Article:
China is introducing more stimulus into the economy to arrest the slowdown. During the annual parliamentary gathering, Chinese premier Li Keqiang announced several stimulus measures including cuts in taxes and fees worth nearly 2 trillion yuan. He also announced a reduction in the value-added tax rate for the manufacturing sector from 16% to 13%. He outlined plans to increase China’s infrastructure financing. The special bond issuance quota for local governments increased to $320 billion from $283 billion.
We have seen one weak data point after another coming out of China (FXI) in the last few months. The major drivers for China’s steel demand are the construction and auto sectors, which have been weaker. The weakness led to softer domestic steel demand.
Property and auto sectors faltering
China’s real estate market has been faltering. The number of cities reporting a sequential drop in prices increased for the fourth straight month in December.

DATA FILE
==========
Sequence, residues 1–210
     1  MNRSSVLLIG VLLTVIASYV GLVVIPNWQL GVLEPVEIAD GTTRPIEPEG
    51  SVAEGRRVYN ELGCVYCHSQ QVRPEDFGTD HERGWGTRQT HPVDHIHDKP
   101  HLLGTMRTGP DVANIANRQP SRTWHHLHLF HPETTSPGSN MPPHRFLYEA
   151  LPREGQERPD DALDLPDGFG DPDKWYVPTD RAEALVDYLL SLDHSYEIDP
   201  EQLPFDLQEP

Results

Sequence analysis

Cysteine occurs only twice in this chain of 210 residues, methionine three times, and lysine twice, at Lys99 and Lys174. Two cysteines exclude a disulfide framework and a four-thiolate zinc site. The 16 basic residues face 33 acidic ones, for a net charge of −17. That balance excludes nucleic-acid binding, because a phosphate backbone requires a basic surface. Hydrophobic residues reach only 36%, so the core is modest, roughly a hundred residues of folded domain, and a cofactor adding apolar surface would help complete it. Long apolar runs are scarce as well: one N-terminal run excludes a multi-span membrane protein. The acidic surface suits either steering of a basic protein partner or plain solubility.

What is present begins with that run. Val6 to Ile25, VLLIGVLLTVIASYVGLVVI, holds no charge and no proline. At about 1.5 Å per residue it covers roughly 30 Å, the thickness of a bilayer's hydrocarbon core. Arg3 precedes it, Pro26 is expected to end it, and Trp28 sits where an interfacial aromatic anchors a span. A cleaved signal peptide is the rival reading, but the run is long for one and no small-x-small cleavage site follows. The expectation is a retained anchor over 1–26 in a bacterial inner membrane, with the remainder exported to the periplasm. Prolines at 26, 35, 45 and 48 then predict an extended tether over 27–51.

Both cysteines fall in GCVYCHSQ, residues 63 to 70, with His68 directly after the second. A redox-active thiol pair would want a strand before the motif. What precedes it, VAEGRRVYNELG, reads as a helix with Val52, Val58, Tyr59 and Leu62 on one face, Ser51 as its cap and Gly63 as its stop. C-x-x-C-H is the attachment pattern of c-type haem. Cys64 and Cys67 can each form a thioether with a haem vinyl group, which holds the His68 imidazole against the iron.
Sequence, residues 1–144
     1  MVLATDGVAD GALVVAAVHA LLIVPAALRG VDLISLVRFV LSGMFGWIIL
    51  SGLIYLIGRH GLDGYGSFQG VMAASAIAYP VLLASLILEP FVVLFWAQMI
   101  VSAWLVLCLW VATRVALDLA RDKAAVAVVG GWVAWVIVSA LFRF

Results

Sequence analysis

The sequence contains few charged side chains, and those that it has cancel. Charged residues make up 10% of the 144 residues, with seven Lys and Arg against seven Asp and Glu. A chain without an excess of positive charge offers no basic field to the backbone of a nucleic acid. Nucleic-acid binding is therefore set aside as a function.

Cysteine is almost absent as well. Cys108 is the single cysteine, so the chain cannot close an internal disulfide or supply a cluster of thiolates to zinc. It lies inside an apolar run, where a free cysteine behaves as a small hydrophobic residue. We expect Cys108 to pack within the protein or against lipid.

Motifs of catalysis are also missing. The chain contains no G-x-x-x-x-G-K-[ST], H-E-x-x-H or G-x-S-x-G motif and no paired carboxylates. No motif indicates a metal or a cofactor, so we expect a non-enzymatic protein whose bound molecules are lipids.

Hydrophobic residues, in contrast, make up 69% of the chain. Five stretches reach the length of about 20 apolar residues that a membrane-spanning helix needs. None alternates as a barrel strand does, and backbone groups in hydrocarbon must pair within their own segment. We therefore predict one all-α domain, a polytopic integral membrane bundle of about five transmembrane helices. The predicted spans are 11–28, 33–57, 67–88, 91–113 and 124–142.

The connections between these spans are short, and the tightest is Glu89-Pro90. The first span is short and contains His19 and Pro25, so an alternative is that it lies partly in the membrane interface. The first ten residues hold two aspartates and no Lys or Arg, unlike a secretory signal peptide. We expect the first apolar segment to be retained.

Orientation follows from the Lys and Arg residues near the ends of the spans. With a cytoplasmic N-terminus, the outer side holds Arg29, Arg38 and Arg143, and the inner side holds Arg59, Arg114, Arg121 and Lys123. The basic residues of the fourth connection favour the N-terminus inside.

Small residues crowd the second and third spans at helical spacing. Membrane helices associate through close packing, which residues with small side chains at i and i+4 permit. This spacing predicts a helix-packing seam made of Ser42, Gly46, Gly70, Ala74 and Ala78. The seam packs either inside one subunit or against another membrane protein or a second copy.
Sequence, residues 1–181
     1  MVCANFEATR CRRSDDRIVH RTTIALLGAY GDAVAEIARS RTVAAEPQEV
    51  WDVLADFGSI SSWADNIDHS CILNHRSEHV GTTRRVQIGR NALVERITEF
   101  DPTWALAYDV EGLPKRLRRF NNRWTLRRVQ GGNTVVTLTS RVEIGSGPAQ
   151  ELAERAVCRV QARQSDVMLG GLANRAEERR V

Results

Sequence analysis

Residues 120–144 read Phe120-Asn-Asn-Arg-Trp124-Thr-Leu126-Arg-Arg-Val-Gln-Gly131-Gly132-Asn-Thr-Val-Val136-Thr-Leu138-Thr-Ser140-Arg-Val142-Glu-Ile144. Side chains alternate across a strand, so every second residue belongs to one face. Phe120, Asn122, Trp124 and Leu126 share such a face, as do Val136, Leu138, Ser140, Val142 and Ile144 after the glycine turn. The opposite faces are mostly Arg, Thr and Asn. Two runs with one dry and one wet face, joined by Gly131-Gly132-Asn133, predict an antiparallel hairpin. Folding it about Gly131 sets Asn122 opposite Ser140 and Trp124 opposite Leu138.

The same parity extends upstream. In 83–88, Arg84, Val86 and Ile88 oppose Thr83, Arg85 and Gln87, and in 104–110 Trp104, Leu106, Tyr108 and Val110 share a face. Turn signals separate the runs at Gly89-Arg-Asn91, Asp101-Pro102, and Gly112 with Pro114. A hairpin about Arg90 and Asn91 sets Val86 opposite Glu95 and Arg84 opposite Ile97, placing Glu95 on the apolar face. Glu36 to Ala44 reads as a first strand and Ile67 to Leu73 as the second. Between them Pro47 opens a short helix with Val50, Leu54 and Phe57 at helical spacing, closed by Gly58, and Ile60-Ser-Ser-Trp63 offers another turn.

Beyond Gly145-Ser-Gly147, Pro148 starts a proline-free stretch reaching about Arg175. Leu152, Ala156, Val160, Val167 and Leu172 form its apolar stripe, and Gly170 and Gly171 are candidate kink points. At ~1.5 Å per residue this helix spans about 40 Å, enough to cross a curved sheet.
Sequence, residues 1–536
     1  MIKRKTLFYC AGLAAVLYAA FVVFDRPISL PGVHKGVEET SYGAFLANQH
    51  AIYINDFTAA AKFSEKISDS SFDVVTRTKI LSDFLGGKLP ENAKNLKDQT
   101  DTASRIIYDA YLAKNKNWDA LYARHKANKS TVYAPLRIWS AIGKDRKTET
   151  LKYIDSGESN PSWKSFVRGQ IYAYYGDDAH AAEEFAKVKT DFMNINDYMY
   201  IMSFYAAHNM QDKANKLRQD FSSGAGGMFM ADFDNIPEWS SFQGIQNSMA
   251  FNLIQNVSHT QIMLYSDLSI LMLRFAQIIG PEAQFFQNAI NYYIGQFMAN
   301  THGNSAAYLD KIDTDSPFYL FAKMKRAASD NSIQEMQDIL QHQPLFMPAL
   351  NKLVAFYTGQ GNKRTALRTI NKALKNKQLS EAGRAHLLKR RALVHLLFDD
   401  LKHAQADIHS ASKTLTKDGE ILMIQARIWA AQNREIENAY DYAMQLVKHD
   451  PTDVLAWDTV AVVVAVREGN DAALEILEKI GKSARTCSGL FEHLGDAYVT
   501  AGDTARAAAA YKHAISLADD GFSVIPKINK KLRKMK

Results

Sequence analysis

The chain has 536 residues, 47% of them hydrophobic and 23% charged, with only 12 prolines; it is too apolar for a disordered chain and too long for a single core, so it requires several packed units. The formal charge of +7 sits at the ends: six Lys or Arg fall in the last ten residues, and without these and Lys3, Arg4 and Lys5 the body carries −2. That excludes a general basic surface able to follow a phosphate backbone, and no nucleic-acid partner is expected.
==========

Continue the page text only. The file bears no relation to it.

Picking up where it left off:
China’s automotive sales have also been on a downtrend for the past several months. China’s total vehicle sales fell 2.76% YoY to 28.08 million units in 2018. China’s annual vehicle sales fell for the first time since 1990.
Demand under pressure
Due to China’s waning steel demand and uncertain outlook, its steel prices are weakening. As we saw in the fourth quarter, softer Chinese steel prices have impacted global and US (SPY) steel prices. While China is slowing down, the stimulus provided by Chinese authorities could offset some of the declines. The stimulus should ease investors’ concerns regarding China’s slowdown. Therefore, investors in US steel and iron ore companies (XME) like AK Steel (AKS), U.S. Steel (X), and Cleveland-Cliffs should closely follow the Chinese government’s policy steps.